Eating disorders affect people of all ages, genders, ethnicities, and sexual orientations. However, they may disproportionately affect members of certain groups, such as members of a sexual minority. These groups comprise anyone who does not identify as entirely heterosexual, including people who identify as gay, lesbian, or bisexual; those who report attractions to people of the same or multiple genders; and individuals who report engaging in sexual contact with people of the same or multiple genders. Unfortunately, most of the eating disorder research to date has focused on heterosexual cisgender white women. Less is known about eating disorders among people with diverse sexual orientations.
Eating disorders and disordered eating behaviors in the LGBT population: a review of the literature
Eating Disorders in Lesbian, Gay, and Bisexual People
It has been widely demonstrated that people who identify as belonging to the lesbian, gay, bisexual and transgender LGBT community have a greater susceptibility to mental health problems including suicide attempts, anxiety and depression 1. They are also specifically at a higher risk of developing eating disorders including anorexia and bulimia 2. According to the National Eating Disorders Association, this may be due to their difficulties around the time of coming out, such as fear of rejection, internalised negative beliefs because of their sexual orientation, problems with discrimination or bullying, discordance between biological sex and gender identity, and homelessness which is more likely to happen to people from the LGBT community 3. But, are there specific risk factors which predispose to eating psychopathology, and are lesbians, gay and transsexual people affected in the same ways? This paper will examine the evidence. It has been known for some time that eating disorders are more common in gay men than in heterosexual men.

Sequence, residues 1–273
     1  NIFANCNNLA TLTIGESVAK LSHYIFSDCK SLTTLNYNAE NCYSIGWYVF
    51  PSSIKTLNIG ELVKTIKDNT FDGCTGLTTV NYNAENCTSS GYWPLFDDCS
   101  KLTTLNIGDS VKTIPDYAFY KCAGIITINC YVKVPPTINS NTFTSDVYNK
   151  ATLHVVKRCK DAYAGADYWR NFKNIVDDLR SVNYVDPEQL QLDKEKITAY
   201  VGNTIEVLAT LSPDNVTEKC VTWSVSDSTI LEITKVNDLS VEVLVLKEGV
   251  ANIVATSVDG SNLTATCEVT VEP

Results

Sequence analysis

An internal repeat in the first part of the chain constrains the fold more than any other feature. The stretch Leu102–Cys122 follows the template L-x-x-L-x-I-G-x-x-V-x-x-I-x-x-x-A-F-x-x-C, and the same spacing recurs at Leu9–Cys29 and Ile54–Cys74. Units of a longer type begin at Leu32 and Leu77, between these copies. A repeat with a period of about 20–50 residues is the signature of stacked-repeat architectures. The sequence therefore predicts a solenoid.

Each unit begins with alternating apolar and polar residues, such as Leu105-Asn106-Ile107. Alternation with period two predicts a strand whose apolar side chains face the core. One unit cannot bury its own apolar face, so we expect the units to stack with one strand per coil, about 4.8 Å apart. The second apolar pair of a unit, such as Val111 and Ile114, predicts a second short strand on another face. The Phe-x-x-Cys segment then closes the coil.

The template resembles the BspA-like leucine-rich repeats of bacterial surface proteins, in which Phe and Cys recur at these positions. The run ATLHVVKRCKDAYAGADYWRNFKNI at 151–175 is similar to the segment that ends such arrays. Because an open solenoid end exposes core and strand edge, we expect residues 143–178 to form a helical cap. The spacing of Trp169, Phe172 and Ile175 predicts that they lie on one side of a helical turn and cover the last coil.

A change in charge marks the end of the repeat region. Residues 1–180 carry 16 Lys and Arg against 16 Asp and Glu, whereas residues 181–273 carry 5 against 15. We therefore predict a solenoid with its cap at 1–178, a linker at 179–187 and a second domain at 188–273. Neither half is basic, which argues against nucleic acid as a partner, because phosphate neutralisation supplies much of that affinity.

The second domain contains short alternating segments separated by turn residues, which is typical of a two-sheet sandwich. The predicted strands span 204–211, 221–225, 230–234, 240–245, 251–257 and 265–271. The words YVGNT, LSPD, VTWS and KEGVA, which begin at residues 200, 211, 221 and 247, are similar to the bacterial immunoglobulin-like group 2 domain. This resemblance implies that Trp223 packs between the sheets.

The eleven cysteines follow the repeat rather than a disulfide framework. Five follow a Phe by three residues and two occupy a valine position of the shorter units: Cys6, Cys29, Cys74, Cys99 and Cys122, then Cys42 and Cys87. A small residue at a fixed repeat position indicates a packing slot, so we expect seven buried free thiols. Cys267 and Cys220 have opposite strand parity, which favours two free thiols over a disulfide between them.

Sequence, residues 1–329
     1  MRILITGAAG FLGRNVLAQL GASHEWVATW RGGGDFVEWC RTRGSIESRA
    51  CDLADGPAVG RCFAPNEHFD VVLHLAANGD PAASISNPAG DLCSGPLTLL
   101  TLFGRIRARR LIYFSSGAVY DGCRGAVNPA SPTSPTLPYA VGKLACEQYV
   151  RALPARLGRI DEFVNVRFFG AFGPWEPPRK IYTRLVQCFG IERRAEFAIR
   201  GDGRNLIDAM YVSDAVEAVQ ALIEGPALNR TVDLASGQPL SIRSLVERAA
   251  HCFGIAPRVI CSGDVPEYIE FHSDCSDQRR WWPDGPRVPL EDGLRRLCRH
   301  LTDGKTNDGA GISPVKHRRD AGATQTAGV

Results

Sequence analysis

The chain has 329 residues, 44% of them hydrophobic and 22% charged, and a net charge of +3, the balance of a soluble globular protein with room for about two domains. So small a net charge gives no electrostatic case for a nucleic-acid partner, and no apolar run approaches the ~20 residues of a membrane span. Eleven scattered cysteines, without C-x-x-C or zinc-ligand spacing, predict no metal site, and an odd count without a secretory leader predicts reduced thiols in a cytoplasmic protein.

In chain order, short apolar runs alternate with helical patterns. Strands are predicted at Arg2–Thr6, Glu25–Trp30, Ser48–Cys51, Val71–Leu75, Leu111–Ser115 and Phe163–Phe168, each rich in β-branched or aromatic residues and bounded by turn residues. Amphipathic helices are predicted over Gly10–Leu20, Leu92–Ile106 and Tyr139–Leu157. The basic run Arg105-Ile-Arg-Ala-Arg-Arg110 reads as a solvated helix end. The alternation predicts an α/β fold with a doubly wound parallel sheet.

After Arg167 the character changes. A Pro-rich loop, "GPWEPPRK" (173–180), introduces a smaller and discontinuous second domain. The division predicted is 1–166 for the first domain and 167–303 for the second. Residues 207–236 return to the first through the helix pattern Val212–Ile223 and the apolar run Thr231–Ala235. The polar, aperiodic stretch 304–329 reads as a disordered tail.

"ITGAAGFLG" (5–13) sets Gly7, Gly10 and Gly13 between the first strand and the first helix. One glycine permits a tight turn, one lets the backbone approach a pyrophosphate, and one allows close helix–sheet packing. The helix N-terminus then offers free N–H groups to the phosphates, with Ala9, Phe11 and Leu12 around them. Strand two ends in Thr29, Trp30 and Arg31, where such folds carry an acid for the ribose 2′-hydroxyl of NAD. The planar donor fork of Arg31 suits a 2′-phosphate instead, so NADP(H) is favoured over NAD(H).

Eating Disorders in the Lesbian, Gay, and Bisexual Community
Metrics details. According to past research, lesbian, gay, bisexual, and transgender LGBT individuals experience a higher prevalence of psychopathology, which is attributable to the increased stress i. This current literature review examined the empirical literature regarding the rates and types of, and risk factors for eating disorders and disordered eating behaviors in LGBT adults and adolescents, in addition to each individual subgroup i. LGBT adults and adolescents experience greater incidence of eating disorders and disordered eating behaviors than their heterosexual and cisgender counterparts.
Get help now. June 30, Disproving the myth that these illnesses impact only straight, cisgender people, research and personal accounts show that all sexual and gender identities are affected—and sexual and gender minorities perhaps even more so than non-LGBTQ people. It is an umbrella term that represents a group as diverse and varied as non-LGBTQ people, though often treated as a singular group.